Artificial Intelligence May Help Humans Fight Global Problems with Novel Solutions

First Posted: Jan 05, 2016 09:24 AM EST

The combination of human and computer intelligence may be just what we need to solve most of the world's problems. Scientists have announced that the two working together may be able to tackle problems like climate change and geopolitical conflict.

Humans surpass machines at many things, ranging from simple things such as pattern recognition to creative abstraction. With the help of computers, though, these cognitive abilities can be combined into multidimensional collaborative networks that can achieve what traditional problem-solving cannot.

Most of today's human computation systems rely on sending bite-sized "micro-tasks" to many individuals and then stitching together the results. For example, 165,000 volunteers in EyeWire have analyzed thousands of images online to help build the world's most complete map of human retinal neurons. This microtasking approach, though, can't address the tough challenges we face today.

However, new human computation technologies can help. Recent techniques provide real-time access to crowd-based inputs where individuals contributions can be processes by a computer and sent to the next person for improvement or analysis of a different kind. This enables the construction of more flexible collaborative environments that can better address the most challenging issues.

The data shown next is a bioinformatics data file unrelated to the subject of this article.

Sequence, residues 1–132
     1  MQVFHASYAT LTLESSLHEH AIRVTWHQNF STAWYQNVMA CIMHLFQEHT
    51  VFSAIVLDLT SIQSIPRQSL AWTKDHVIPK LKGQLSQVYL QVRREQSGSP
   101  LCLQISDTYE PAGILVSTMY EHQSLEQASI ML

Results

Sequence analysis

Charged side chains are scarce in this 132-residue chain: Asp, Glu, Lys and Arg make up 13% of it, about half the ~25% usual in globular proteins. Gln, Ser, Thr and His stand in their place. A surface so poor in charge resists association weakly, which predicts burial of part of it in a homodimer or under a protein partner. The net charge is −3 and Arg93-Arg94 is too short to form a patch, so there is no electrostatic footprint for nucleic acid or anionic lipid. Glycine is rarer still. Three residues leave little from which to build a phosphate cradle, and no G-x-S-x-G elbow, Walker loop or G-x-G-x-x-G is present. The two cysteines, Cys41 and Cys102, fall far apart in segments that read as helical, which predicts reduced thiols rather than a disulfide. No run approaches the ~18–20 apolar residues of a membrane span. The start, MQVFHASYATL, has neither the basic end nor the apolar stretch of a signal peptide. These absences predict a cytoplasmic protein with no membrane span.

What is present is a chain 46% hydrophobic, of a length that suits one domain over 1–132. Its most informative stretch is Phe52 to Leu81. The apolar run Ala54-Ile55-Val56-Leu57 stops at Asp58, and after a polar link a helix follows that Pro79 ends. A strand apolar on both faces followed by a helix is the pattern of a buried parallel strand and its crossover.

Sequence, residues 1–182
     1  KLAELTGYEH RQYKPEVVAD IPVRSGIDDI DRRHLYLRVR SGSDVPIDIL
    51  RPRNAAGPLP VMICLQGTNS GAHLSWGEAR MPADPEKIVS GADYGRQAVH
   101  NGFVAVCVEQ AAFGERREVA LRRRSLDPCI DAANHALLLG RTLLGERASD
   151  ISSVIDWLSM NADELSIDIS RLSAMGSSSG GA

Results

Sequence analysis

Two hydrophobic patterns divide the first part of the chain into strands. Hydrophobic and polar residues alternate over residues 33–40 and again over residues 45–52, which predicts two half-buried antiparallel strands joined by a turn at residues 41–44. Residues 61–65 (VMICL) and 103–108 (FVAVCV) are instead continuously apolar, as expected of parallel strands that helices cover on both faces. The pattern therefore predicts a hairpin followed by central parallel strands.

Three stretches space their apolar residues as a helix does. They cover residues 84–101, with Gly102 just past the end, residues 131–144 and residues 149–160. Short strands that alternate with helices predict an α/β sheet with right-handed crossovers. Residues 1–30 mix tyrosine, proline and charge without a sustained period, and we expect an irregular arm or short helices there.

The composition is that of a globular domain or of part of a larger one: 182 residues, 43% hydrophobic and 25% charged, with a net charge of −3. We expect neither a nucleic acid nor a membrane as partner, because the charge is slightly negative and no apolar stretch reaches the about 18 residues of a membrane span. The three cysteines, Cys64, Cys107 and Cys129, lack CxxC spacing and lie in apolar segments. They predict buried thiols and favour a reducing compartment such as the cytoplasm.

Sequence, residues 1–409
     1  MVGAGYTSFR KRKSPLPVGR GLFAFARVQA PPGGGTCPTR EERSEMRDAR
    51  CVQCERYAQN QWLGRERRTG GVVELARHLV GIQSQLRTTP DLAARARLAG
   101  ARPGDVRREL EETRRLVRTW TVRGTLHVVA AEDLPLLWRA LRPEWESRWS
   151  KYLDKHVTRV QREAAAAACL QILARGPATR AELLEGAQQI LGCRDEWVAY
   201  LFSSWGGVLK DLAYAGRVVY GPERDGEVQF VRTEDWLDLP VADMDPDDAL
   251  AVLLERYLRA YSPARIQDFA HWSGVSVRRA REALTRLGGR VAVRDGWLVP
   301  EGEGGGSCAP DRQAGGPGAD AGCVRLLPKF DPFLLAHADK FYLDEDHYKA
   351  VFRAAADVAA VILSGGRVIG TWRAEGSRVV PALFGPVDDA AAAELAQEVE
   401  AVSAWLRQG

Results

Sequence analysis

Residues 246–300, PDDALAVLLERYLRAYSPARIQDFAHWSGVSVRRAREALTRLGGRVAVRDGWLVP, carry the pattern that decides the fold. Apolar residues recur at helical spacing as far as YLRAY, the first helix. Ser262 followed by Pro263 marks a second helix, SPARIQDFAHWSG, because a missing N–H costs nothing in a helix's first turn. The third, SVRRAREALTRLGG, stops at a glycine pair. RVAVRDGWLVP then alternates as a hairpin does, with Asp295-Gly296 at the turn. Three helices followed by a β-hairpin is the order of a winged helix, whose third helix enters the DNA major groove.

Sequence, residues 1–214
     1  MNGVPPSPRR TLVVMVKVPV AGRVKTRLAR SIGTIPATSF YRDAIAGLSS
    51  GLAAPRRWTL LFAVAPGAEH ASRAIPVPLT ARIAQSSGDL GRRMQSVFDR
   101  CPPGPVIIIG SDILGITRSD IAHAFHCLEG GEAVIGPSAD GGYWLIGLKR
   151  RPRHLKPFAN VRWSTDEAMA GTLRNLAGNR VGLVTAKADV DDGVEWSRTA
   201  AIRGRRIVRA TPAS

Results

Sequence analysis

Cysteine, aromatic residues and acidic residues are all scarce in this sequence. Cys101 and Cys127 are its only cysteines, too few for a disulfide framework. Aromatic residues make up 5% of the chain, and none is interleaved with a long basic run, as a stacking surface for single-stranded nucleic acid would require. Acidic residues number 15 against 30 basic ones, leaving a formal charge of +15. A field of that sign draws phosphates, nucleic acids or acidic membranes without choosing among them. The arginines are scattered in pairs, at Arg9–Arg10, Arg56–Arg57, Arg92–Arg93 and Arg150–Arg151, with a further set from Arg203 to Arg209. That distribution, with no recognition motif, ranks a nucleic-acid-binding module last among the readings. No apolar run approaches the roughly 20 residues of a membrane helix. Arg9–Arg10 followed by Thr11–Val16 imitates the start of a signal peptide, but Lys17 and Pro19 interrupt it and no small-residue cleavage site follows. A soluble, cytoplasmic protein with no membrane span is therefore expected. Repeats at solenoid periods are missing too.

"By sharing and observing practices in a map-based social network, people can begin to relate their individual efforts to the global conservation potential of living and working landscapes," said Janis Dickinson, one of the researchers, in a news release.

In fact, the researchers found that their idea is already taking shape in several human computation projects, including YardMap, which allows participants to interact and build on each other's work. This is something that crowdsourcing alone could not achieve.

The finding shows that it's important to use all tools available in order to solve tough problems. In particular, using computers to build on research will be key in the future.

The findings are published in the journal Science.

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